When and why should we use SVG?


I develop for Android already has enough time, program natively, to be more specific. But lately I have had some doubts about using in-app images. At some point we will make some application that uses a vast amount of images and then a problem arises: we need several images so that, in different devices, they are not erased. Then the alternative is Scalable Vector Graphics or just SVG .

In Android Studio you can create a Vector Asset , which will generate a file in XML so you can use it in your application instead of normal images.

The difference is that you create one, to use in several, such as:


Scalable Vector Graphics


Common Images


That is, while in svg I create an image to use in several sizes, with png I have to create an image for each type of resolution.

But my question is, when should I use SVG? Is it advisable to start a transition from PNG to SVG in the application?

asked by anonymous 15.12.2016 / 15:04

2 answers


I've learned to vector "stuff" in Corel Draw, and this business of images does not lose quality is the maximum. (blablabla)

From Lollipop (API 21), Android included the class VectorDrawable , to define drawables based on vector graphics. Android Studio 1.4 adds the Vector Asset Studio to make them easier to work with, including an SVG import feature and a new Gradle plugin that generates PNG versions of VectorDrawable at compile time for API 20 and earlier versions. There are also third-party tools for converting SVGs to VectorDrawables . Keep in mind that although the drawables vector can be defined in XML, the file format is not SVG and not all SVG files can be converted successfully.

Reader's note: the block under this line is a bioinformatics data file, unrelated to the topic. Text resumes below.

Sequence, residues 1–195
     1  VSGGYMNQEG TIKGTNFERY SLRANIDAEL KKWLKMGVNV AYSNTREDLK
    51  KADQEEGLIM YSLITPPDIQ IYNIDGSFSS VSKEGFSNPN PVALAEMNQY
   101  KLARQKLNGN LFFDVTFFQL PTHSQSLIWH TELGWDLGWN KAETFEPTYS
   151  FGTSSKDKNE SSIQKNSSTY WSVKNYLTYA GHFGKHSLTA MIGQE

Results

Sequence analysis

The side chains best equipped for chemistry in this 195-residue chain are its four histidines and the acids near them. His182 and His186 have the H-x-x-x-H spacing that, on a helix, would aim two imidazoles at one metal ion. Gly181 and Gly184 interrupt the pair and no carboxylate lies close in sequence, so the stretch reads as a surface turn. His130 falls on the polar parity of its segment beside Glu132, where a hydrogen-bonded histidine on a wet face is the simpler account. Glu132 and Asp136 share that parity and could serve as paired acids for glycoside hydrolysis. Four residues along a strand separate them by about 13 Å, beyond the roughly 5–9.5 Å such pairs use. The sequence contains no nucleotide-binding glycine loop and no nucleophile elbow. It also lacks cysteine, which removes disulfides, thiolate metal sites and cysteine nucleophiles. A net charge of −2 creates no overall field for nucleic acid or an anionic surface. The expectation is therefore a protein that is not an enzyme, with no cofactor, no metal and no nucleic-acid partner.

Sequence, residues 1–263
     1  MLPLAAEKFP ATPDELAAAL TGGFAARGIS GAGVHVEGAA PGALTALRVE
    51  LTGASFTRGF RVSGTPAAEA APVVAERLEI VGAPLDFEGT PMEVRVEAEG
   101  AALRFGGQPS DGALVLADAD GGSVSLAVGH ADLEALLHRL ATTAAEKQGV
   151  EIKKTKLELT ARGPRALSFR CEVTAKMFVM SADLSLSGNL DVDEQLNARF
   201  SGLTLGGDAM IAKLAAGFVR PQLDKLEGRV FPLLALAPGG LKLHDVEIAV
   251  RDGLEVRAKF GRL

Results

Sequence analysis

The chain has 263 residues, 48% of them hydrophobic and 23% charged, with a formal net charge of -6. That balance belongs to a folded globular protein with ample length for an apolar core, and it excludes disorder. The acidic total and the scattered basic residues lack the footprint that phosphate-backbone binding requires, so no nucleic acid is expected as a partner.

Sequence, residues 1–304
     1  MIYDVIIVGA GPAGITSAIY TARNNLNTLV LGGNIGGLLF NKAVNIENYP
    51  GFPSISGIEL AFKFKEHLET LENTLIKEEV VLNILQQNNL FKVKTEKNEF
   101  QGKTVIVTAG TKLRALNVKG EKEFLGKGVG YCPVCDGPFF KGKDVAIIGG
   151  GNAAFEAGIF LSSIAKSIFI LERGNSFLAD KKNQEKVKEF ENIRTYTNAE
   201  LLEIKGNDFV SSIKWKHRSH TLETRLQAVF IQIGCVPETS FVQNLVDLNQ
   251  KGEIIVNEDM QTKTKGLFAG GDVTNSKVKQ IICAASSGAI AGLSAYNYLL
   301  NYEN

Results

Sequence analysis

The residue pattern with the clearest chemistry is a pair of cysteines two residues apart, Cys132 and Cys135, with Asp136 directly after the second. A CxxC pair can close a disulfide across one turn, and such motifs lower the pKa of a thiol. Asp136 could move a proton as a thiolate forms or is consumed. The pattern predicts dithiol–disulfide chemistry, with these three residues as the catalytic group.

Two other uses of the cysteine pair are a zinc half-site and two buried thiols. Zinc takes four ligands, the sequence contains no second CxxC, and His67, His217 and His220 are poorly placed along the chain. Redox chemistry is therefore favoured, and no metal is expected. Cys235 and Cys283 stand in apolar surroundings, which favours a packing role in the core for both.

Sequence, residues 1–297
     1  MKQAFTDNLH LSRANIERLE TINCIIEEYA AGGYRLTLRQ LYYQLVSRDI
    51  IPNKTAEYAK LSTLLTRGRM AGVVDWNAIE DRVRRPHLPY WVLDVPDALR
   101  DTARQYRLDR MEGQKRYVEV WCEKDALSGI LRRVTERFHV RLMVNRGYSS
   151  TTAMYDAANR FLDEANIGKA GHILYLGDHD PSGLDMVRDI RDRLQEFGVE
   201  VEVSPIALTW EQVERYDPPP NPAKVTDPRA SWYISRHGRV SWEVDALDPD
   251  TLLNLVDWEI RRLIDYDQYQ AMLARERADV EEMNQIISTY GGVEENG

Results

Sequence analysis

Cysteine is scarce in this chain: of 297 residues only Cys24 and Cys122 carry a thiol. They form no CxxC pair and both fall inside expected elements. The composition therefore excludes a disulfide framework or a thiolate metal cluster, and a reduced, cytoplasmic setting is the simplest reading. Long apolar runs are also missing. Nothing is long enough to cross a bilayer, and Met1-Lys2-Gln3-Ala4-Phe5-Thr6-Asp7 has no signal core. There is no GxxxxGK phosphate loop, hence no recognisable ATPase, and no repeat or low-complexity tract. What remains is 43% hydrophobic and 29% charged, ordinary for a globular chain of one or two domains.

Is it recommended to start a transition from PNG to SVG in the application?

According to the documentation , the use of vector characters instead of < in> bitmaps reduces the size of the APK because the same file can be resized to different screen densities without loss of image quality.

We have that every library added to a project brings many possibilities and features, but libraries usually contain a large amount of code files and resources, among them, unnecessary resources depending on each type of situation. This creates a kind of residue: applications have a lot of things that are never actually used. More than that, the size of packages are growing at a rapid pace. The point is, we should try to minimize as much as possible

Thisimagefound on Wikipedia that best defines the # , illustrates the difference between bitmap and vector images. The bitmap image is composed of a fixed set of pixels , while the vector image is composed of a fixed set of shapes. In the image, the scale of bitmap reveals pixels when scaling the vector image preserves the shapes.

Read the documentation for more details.

15.12.2016 / 17:19

SVG can be used to replace images, usually icons. The use of SVG is always indicated by being much lighter than a PNG, JPG, for example.

The great advantage is that because it is a vector, it will never lose quality, as it would with an image.

I recommend reading: SVG Images

15.12.2016 / 16:54